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The felt ‘stovepipe’ shako was adopted in 1806, and was the common headdress of British infantry regiments at the beginning of the War of 1812. It bore a large brass plate decorated with a crown, the king’s cipher and trophies of arms, although the plates of some senior regiments bore their own unique badges. On top was fixed a woolen plume, the colour denoting service in the regiment’s grenadier (white), light infantry (green) and battalion companies (white over red) respectively.


Shortly before the War of 1812, however, authorities in Great Britain authorised the adoption of the new ‘Belgic’ shako for British infantry regiments; this bore a tall false front, a shield-shaped brass plate, white cords, and the plume fixed on the left side. Few shipments had reached Canada before war with the United States began in June 1812, and many regiments did not receive the new headdress until the spring of 1814. Still, nearly all units received the new shako by the conclusion of the war.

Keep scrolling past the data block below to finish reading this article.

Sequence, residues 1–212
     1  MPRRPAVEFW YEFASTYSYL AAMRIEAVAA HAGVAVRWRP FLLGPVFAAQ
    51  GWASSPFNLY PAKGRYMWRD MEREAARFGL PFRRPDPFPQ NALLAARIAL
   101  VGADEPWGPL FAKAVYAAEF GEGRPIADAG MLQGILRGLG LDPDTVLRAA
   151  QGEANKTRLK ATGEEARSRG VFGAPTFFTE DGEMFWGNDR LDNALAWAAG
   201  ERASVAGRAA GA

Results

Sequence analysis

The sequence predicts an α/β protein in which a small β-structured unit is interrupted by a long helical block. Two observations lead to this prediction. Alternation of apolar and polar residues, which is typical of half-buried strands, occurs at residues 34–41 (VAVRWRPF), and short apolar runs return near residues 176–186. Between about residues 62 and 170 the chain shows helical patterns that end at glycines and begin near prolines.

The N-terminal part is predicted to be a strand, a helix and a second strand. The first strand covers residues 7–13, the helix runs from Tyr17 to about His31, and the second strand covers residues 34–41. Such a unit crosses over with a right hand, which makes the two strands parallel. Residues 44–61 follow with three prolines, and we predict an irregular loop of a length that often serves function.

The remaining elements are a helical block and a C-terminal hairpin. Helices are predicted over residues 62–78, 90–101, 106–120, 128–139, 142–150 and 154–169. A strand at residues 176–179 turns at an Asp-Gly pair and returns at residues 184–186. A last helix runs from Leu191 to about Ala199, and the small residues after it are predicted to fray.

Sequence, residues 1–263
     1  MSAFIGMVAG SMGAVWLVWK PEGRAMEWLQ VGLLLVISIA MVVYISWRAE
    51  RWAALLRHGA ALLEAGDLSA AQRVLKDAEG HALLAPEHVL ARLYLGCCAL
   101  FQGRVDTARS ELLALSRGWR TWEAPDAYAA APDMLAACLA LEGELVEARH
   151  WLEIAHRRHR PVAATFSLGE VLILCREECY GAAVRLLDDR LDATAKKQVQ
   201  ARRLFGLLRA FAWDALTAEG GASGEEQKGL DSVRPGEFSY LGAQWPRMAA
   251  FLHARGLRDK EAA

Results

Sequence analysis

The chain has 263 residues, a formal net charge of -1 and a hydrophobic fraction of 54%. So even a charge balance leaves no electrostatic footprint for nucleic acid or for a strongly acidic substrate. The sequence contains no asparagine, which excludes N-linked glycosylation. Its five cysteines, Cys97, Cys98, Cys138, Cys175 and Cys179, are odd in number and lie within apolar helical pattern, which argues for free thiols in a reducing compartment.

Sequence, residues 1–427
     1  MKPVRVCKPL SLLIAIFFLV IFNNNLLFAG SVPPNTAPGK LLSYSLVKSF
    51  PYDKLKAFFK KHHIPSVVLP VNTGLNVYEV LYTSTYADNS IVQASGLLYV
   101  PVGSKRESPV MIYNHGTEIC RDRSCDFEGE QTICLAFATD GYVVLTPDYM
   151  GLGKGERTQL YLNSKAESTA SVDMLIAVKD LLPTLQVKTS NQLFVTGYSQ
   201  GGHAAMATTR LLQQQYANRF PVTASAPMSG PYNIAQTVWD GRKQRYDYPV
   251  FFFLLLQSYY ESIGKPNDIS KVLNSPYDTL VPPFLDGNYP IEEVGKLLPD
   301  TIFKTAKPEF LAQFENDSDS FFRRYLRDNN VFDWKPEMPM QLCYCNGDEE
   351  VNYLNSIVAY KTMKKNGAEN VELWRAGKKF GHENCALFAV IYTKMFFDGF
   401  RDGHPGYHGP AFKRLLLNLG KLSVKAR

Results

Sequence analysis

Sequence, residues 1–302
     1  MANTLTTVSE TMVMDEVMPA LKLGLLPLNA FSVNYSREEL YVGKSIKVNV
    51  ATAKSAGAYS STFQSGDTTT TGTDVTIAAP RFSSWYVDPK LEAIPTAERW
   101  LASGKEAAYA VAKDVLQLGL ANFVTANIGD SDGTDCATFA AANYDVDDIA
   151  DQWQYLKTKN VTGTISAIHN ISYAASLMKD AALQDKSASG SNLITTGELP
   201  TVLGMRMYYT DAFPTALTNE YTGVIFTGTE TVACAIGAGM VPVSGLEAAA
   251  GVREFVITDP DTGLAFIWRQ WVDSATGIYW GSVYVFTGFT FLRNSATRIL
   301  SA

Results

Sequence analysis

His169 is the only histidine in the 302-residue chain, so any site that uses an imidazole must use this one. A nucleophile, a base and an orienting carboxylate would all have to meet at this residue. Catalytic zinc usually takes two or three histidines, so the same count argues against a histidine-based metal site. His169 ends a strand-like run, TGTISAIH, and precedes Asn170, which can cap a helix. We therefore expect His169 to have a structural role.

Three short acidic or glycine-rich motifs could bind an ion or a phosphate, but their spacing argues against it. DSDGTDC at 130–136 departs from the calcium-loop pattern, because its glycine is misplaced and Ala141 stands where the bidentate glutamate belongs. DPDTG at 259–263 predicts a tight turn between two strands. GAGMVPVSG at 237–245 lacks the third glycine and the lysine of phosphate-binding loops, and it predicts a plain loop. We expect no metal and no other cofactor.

British field musicians were further distinguished by brass drum badges affixed to the backs of their shakos, a feature carried over from their bearskin caps worn in full dress.

British infantry field musicians (except buglers) wore black bearskin caps for ceremonial occasions. The pattern introduced in 1805 – bearing a large brass plate, white cords and plume – was larger than previous models, and stiffened by a rigid internal frame. Instead of the brass grenade worn by soldiers of the regiment’s grenadier company on their caps, fifers and drummers wore a large brass drum badge.

The use of bearskin caps in Canada varied between regiments depending upon supply; while some units received caps for their entire Corps of Drums, other regiments received only enough for their grenadier company musicians.

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